‘Forward’ slams Ehrenreich for questioning Zionism and Palestinian villagers for throwing stones at soldiers

Yesterday’s cover story in the New York Times Magazine on resistance in occupied Nabi Saleh, by Ben Ehrenreich, is already having a huge effect. Rashid Khalidi praised the piece on WNYC this morning. While the liberal Zionist editor of the Jewish Forward, Jane Eisner, is pushing back. She doesn’t like the fact that Ehrenreich has questioned Zionism:

“In 2009, Ehrenreich published a direct attack on Zionism in the Los Angeles Times entitled ‘Zionism is the Problem’. In the article, Ehrenreich castigates not only the ‘deplorable conditions in which Palestinians live and die in Gaza and the West Bank’ but ‘the Zionist tenets on which the state was founded’ as well.” [Per Chemi Shalev in Haaretz]

Ehrenreich continues: “Founding a modern state on a single ethnic or religious identity in a territory that is ethnically and religiously diverse leads inexorably either to politics of exclusion… or to wholesale ethnic cleansing. Put simply, the problem is Zionism.” He concludes by calling for a secular, pluralistic, democratic government in Israel and Palestine, and the abandonment of the Zionist dream….

Ehrenreich is hardly a disinterested observer of the Israeli-Palestinian conflict… Ehrenreich’s politics are so evident and his sympathies so decided that it is difficult not to see his bias running through the long magazine story.

I wonder if Eisner ever spotted bias when Zionists were penning articles?
She titles her piece, “Real Non-Violence Doesn’t Look Like This,” and offers advice to Palestinians on how to resist occupation:

My husband has long argued that if the Palestinians really wanted a state side-by-side with Israel, all they would have to do is adopt a nationwide, non-violent strategy. Peaceful demonstrations up and down the West Bank, continuously, steadfastly, would prick the world’s consciousness and give Israeli and Palestinian leaders no choice but to negotiate and do what they needed to do to end the occupation and secure Israel’s democratic future…
Throwing stones — not little pebbles, but at times stones that can damage or even kill — is a violent act. Gandhi didn’t do it. The courageous African Americans who stood at the bridge in Selma didn’t do it. It takes great determination, character and patience to engage in such protest, and I can understand how, after decades of occupation, it may be difficult for the villagers of Nabi Saleh to restrain themselves. But that’s unarmed resistance. Anything else is a misnomer…
 Not that Eisner is for the occupation:
And it’s too bad that the picture he paints will now be discredited, because we need to be reminded of the costs of occupation and the continued drain on Israeli and Palestinian moral behavior.

Here’s an excellent comment on the piece from Matt Berkman:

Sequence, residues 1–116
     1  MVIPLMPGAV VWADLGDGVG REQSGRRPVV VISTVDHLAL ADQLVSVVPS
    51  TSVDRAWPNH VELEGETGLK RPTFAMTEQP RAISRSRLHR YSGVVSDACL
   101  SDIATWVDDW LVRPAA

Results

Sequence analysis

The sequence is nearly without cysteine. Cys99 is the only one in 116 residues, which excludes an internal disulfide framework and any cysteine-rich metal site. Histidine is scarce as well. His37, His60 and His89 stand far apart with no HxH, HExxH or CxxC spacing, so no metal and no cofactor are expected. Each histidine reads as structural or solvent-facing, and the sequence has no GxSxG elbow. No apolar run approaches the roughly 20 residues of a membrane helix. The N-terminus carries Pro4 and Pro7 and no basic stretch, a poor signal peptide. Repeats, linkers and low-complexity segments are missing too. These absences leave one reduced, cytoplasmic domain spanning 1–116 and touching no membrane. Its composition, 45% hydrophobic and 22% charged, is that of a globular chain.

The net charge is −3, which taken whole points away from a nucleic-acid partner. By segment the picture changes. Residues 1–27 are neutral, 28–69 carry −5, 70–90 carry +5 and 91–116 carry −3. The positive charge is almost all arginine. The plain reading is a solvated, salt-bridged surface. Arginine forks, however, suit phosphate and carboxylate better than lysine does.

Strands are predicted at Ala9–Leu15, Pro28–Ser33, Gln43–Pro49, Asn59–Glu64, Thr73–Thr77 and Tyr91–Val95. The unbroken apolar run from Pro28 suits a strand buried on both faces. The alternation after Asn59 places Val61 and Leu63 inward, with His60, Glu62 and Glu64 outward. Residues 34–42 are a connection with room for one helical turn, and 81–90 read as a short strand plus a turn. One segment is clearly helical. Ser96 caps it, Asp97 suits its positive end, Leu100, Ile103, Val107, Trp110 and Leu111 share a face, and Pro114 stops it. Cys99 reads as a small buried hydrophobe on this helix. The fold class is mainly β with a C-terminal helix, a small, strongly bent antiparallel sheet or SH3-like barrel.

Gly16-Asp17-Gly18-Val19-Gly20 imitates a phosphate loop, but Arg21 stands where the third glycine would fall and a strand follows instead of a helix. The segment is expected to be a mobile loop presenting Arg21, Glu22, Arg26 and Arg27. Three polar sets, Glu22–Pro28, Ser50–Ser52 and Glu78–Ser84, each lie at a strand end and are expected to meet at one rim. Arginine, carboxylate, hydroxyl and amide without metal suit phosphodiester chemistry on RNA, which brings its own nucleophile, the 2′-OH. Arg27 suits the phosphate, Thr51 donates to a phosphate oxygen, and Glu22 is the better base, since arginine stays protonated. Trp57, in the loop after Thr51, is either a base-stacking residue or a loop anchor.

Ms. Eisner uses this line from one of Ehrenreich’s previous op-ed pieces to discredit his reportage: “Founding a modern state on a single ethnic or religious identity in a territory that is ethnically and religiously diverse leads inexorably either to politics of exclusion… or to wholesale ethnic cleansing. Put simply, the problem is Zionism.”

I’d like to know which part of this statement she disagrees with. Does she not believe that states based on ethnic or religious domination “lead inexorably to politics of exclusion” (a truism), or does she not believe that Zionism set out to establish an ethnic Jewish hegemony over a land already populated by non-Jews (an historical fact)? Or does she not believe that a “politics of exclusion” or “wholesale ethnic cleansing” constitute a “problem”?

Which is it, Ms. Eisner?

 

Who is driving this conversation now? Anti-Zionists, non-Zionists. If you’re a smart young Jewish kid, what gang would you want to be in…

About Philip Weiss

Philip Weiss is Founder and Co-Editor of Mondoweiss.net.
Posted in Israel/Palestine

{ 26 comments... read them below or add one }

  1. MRW says:

    I love Ben Ehrenreich’s writing. Mama raised him well.

    • Krauss says:

      His sister is a disaster, though (Rosa Brooks). She’s a Zionist but her feminism keeps getting her to attack the state, saying she wouldn’t want to live there(duh! most fervent U.S. Zionists would never want to move to Israel, what else is new?) but then goes on to blame Palestinians for their oppression.

      As for Phil’s question… If we’re to believe the people who have done studies on the topic, most young Jews who are estranged from Zionism are also, to some extent, estranged from Judaism. Therefore, it’s hard to make a case that most Jews are actively choosing to distance themselves from Israel, rather than a function of their general detatchment. And since Jewish organizations have gone all-in on Israel in the last 20 years, if you’re not into Jewish community stuff, you’re bound to be disengaged on Israel too. They’ve become so interwoven, at least in the secular community, it’s one and the same now.